The light on Markarsamkarama day an `aarti’
Sabarimala: Seeking to end the row over the flickering light seen on eastern horizons across Sabarimala temple during "Makarasamkrama" pooja, the temple authorities have clarified that it is "deeparadhana" performed by a priest as part of the long followed ritual of the hillshrine of Lord Ayyappa.
"Makaravilakku" is the ritualistic lighting of lamp at Ponnambalamedu while "Makarajyothi" is a star that appears on the skies at the moment of Makarasmkarama pooja at the forest shrine, witnessed by thousands every year in mid-January, according to top temple authorities.
This year "Makaravilakku", marking the finale of the two-month long pilgrim season of Sabarimala, falls on January 15.
"The light seen at Ponnambalamedu is a ritual," Travancore Devaswom Board (TDB) president M Rajagopalan Nair said here yesterday.
Endorsing the stand, senior Thanthri (high priest) Kanadararu Mahseswararu said it was important to keep the distinction between "Makaravilakku" and "Makara Jyothi".
"The Jyothi is a star that appears on the skies on the Makarasamkrama day above the Ponnambalamedu towards the eastern direction of Sabarimala. The lamp lighted during the time of Deeparadhana (arati) in the temple is known as Makara
Vilakku," Maraheswararu said.
He, however, said both had high sanctity as far as temple traditions were concerned and had been held divine by millions of Ayyappa devotees.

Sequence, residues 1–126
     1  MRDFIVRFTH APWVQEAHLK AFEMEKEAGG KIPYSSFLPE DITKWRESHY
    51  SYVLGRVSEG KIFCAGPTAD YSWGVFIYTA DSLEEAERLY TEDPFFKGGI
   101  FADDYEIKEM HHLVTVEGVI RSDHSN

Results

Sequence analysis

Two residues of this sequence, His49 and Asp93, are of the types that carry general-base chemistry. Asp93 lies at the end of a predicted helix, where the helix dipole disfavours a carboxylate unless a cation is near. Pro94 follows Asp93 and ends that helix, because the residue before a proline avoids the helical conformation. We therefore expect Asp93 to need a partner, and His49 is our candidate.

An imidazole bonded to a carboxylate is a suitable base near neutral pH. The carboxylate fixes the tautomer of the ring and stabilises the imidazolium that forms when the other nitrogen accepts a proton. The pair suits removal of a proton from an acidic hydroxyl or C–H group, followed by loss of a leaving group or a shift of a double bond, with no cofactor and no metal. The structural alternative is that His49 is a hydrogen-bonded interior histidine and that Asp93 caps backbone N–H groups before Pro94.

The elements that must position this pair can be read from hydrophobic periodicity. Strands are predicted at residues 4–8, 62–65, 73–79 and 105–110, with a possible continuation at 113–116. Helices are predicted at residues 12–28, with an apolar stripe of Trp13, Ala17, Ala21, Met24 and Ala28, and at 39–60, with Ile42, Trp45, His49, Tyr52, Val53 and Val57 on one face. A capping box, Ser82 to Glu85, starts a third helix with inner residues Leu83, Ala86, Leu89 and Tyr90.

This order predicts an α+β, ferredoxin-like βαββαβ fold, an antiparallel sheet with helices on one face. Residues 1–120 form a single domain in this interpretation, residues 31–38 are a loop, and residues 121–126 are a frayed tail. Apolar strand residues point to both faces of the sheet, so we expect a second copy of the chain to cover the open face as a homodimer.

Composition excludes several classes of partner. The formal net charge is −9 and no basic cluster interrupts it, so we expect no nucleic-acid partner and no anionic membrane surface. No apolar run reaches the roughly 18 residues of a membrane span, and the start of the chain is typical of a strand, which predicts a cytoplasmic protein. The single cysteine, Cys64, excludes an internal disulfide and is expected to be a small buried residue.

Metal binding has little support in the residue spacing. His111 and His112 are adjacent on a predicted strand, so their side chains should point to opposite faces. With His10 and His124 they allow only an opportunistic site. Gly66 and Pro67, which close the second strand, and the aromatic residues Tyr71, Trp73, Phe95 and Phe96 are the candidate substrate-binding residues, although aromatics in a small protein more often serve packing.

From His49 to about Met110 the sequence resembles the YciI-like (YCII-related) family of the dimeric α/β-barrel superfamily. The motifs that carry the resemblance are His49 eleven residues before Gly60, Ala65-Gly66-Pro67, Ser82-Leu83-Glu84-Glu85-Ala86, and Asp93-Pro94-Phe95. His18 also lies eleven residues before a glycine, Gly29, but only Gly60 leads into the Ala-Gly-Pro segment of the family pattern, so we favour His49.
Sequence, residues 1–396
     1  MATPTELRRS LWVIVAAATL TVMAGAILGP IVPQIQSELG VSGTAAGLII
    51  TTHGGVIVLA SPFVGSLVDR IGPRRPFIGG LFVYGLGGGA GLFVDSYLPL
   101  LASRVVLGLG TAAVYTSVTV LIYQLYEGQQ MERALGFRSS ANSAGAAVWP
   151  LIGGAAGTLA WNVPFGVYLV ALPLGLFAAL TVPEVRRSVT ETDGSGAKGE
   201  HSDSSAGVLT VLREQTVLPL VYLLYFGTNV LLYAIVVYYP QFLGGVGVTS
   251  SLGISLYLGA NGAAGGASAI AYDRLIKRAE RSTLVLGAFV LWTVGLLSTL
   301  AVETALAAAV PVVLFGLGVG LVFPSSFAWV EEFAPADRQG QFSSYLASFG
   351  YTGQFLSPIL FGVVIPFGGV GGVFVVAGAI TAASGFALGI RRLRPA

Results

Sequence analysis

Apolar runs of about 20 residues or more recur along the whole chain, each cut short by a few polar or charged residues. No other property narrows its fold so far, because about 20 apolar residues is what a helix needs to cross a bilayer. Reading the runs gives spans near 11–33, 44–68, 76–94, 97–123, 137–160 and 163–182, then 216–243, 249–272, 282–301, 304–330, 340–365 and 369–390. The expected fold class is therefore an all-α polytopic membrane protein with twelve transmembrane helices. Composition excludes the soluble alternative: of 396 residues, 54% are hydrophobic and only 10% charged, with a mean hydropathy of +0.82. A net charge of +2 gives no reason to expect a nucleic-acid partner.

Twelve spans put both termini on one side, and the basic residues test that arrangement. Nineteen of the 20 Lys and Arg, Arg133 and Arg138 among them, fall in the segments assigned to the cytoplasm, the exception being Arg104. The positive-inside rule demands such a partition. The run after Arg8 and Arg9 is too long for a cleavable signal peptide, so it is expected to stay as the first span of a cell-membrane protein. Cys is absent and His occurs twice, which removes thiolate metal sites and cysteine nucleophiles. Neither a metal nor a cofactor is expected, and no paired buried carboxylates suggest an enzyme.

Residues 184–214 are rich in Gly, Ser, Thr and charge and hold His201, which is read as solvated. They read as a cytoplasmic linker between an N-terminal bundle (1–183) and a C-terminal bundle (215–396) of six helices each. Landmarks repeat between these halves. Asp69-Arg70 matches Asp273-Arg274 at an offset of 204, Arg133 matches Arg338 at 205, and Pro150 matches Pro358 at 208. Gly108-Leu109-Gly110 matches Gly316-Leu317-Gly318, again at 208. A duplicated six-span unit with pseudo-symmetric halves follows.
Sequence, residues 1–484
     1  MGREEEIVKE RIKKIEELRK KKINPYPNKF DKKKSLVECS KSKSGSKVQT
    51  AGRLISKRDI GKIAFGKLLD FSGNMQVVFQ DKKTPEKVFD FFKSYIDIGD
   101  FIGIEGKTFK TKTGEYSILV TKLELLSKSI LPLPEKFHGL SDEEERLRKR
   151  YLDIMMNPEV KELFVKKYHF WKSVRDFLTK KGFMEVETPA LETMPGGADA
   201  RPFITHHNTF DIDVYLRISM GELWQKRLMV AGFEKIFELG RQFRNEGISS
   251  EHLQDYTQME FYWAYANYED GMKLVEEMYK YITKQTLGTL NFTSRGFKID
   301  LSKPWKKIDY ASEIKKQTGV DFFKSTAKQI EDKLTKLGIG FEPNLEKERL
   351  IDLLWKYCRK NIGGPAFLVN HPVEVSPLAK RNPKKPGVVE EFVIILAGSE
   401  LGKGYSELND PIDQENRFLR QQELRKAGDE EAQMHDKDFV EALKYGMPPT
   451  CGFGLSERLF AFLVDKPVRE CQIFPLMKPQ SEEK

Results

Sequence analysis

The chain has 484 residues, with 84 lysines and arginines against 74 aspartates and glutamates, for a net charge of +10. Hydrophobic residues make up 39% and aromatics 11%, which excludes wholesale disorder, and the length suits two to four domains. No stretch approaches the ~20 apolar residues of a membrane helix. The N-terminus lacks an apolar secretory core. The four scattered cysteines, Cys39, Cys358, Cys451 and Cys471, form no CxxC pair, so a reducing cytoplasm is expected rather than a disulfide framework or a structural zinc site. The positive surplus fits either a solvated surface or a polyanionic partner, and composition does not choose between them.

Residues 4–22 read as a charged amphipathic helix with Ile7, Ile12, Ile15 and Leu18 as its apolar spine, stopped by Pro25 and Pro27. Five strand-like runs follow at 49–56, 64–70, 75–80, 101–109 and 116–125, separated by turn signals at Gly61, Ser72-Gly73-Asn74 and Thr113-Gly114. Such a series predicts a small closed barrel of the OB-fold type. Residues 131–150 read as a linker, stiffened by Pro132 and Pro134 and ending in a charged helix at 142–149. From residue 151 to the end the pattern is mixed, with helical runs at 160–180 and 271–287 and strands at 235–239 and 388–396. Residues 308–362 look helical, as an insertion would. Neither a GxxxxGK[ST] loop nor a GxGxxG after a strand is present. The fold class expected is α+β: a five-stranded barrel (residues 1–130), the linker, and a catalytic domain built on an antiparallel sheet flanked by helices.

According to some historians, lighting the lamp atop the Ponnambalamedu hill has been an ancient tradition of tribal communities living around the hillshrine.
After the temple started attracting devotees in large numbers, the ritual was taken over by TDB and done with the help of forest and electricity departments.
This time, some of the tribal outfits have approached TDB seeking a role in the ritual performed at the Ponnambalamedu.
According to Nair, TDB did not have any objection in involving the tribal people of Ponnamabalamedu in the ritual alongwith a priest sent from Sababrimala temple. However, the ritual has been performed in accordance with the directives of the Kerala High Court.
Meanwhile, TDB officials said elaborate arrangements have been made for smooth conduct of the Makaravilakku festival, when thousands of devotees would converge at the hillshrine and surrounding areas.
Last year, 102 pilgrims were killed in a stampede at Pulmedu trekking path when the devotees were returning after witnessing Makaravilakku.
Meanwhile, the income received by the temple since the pilgrim season started in mid-November crossed Rs 114.86 crore, which marked an increases of 20.16 crore compared to last year.
The income upto January 5 stood at Rs 135.02 crore against Rs 114.86 crore during the corresponding period last year.
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